Sodium valproate is a weak blocker of sodium ion channels; it is also a weak inhibitor of enzymes that deactivate GABA such as GABA transaminase. It may also stimulate the synthesis of GABA, but the direct mechanism is not known. Because of its many mechanisms of action, sodium valproate has efficacy in all partial and generalised seizures including absence seizures.


Trade names are in bold, followed by the manufacturer.

United States


  • Epilim Crushable Tablets Sanofi
  • Epilim Sugar Free Liquid Sanofi
  • Epilim Syrup Sanofi
  • Epilim Tablets Sanofi
  • Sodium Valproate Sandoz Tablets Sanofi
  • Valpro Tablets Alphapharm
  • Valproate Winthrop Tablets Sanofi
  • Valprease tablets Sigma


  • Depakote Tablets (as in USA)
  • Tablets – Orlept by Wockhardt and Epilim by Sanofi
  • Oral solution – Orlept Sugar Free by Wockhardt and Epilim by Sanofi
  • Syrup – Epilim by Sanofi-Aventis
  • Intravenous injection – Epilim Intravenous by Sanofi
  • Extended release tablets – Epilim Chrono by Sanofi is a combination of sodium valproate and valproic acid in a 2.3:1 ratio.
  • Enteric-coated tablets – Epilim EC200 by Sanofi is a 200-mg sodium valproate enteric-coated tablet.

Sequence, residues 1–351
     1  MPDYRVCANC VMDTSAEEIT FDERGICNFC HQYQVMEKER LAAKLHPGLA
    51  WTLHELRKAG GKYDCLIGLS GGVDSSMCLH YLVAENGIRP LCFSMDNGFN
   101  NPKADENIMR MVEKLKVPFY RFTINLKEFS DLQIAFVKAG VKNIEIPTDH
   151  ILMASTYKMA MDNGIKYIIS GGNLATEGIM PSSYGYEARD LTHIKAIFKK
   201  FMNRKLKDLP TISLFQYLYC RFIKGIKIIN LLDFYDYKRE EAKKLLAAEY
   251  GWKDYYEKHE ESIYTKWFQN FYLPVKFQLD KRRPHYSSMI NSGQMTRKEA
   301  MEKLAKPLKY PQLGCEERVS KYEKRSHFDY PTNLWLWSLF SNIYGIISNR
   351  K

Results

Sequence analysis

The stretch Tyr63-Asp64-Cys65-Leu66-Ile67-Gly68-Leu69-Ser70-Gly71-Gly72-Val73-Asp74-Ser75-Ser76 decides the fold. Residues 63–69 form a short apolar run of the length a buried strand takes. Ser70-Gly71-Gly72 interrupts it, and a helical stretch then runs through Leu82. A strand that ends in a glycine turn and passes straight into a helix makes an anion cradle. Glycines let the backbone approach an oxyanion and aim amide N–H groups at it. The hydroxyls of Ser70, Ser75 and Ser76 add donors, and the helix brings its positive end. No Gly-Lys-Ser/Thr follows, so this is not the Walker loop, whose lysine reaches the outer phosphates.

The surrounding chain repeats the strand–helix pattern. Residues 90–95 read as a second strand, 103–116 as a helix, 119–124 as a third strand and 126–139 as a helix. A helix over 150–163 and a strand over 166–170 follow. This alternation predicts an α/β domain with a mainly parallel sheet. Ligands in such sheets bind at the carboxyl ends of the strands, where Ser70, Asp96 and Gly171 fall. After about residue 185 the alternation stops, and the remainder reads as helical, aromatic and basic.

UK only

  • Capsules – Episenta prolonged release by Beacon
  • Sachets – Episenta prolonged release by Beacon
  • Intravenous solution for injection – Episenta solution for injection by Beacon

Germany, Switzerland, Norway, Finland, Sweden

  • Tablets – Orfiril by Desitin Pharmaceuticals
  • Intravenous injection – Orfiril IV by Desitin Pharmaceuticals

South Africa

  • Syrup – Convulex by Byk Madaus
  • Tablets – Epilim by Sanofi-synthelabo


  • Intravenous injection – Epival or Epiject by Abbott Laboratories.
  • Syrup – Depakene by ratio-Valproic.


  • Tablets – Depakene by Kyowa Hakko Kirin
  • Extended release tablets – Depakene-R by Kyowa Hakko Kogyo and Selenica-R by Kowa
  • Syrup – Depakene by Kyowa Hakko Kogyo


In much of Europe, Depakine and Depakine Chrono (tablets) are equivalent to Epilim and Epilim Chrono above.


  • Tablets (white round tablet) – Depakine (Chinese: 帝拔癲; pinyin: di-ba-dian) by Sanofi Winthrop Industrie (France)

See also


External links

  • Chemical Land21: Sodium Valproate
  • Depacon (Sodium Valproate)
  • British National Formulary Edition 58
  • Med Epival
  • Depaken Syrup